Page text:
Thomas Zhong of DLA Piper LLP noted recently in a blog post that the National Rugby League has made some changes relevant to concussion.
“The National Rugby League (NRL) has launched a ‘whole of game’ Foundation that provides support for players who incur catastrophic injuries whilst playing rugby league. The Foundation supports players at all levels from grassroots junior football through to the NRL and will provide assistance for players who suffer severe functional disabilities (e.g. brain or spinal cord injury). The whole of game Foundation will provide funding to cover interim medical and other expenses in addiiton to insurance coverage.
NRL Insurance Scheme
The current $1 million threshold for insurance payouts available to NRL players was implemented in July 2014 and applies to most serious injuries (e.g. paraplegia, quadriplegia, career-ending loss of use of limb and loss of sight). The scheme also incorporates employment salary protetion for a period of two years. For more information on the NRL Insurance Scheme, click here.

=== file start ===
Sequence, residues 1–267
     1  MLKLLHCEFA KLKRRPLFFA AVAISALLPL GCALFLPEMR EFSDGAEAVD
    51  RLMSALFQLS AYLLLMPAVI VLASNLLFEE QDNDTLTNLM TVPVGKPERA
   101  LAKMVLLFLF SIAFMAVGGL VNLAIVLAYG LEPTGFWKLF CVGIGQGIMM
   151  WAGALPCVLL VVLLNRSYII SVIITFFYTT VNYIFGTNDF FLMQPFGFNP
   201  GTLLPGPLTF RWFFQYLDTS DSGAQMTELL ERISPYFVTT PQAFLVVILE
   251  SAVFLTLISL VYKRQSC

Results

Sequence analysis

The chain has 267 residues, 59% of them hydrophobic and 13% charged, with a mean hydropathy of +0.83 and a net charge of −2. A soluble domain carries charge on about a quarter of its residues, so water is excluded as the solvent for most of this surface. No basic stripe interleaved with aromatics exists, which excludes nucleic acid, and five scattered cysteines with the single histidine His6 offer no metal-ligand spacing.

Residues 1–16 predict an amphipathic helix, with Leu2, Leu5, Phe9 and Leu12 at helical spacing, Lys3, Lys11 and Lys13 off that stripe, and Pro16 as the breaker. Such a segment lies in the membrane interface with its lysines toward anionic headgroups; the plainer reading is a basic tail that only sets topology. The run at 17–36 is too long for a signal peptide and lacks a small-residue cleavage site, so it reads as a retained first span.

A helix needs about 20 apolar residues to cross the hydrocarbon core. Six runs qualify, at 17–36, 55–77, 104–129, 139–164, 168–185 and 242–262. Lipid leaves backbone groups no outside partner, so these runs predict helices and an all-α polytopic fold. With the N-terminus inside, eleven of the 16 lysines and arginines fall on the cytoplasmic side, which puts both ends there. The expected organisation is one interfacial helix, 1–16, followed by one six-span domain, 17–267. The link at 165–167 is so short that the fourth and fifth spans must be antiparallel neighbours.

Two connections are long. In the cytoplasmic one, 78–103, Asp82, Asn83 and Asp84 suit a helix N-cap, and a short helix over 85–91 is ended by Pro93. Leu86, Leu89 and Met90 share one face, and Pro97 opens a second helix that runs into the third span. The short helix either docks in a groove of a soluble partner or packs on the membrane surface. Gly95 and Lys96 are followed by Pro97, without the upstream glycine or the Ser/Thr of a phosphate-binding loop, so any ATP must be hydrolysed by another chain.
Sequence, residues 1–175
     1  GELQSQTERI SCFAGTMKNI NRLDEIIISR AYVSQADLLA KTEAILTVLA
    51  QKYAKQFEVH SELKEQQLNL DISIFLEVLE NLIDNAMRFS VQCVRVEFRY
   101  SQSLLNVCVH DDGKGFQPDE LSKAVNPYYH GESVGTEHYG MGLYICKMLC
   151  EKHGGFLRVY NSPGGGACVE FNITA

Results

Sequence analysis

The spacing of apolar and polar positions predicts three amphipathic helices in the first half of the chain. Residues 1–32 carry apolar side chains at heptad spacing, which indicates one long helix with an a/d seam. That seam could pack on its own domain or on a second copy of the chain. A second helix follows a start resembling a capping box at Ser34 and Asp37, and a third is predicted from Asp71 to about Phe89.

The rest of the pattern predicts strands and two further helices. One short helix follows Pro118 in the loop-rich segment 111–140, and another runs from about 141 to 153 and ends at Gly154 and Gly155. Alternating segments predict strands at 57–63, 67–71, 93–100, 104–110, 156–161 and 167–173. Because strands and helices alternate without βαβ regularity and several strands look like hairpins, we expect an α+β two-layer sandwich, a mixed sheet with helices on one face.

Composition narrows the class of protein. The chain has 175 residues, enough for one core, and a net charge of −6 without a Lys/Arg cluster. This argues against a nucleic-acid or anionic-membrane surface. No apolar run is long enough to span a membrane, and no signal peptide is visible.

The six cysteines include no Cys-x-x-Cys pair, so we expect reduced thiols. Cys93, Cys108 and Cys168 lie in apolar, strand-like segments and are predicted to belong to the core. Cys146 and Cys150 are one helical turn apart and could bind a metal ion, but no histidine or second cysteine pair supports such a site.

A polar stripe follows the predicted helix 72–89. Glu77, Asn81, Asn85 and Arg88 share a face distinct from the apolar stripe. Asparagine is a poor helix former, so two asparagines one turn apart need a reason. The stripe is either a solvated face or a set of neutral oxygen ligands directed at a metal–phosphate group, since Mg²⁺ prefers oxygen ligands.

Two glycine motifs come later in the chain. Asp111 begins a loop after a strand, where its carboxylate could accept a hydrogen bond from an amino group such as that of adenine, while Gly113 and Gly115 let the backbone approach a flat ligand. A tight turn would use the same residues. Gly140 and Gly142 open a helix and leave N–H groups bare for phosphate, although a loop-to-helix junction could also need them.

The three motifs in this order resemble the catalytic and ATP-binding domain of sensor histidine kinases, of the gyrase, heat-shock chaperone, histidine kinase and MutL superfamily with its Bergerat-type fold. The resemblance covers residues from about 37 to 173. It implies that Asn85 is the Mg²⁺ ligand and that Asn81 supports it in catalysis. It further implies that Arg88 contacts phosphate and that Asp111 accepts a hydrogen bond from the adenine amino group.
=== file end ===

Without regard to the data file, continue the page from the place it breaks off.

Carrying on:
Chronic Traumatic Encephalopathy
It will be a novel test-case to determine whether players who develop chronic traumatic encephalopathy (CTE), a progressive degenerative brain disease common in athletes who suffere repetitive brain trauma, concussions and sub-concussions, are able to claim from the Foundation if they are able to prove a causative link to their careers in the NRL. This issue has been strongly litigated in other sporting codes such as the National Football League, who recently settled a class-action lawsuit from former players – allowing for a compensation payment of up to $5 million per player.”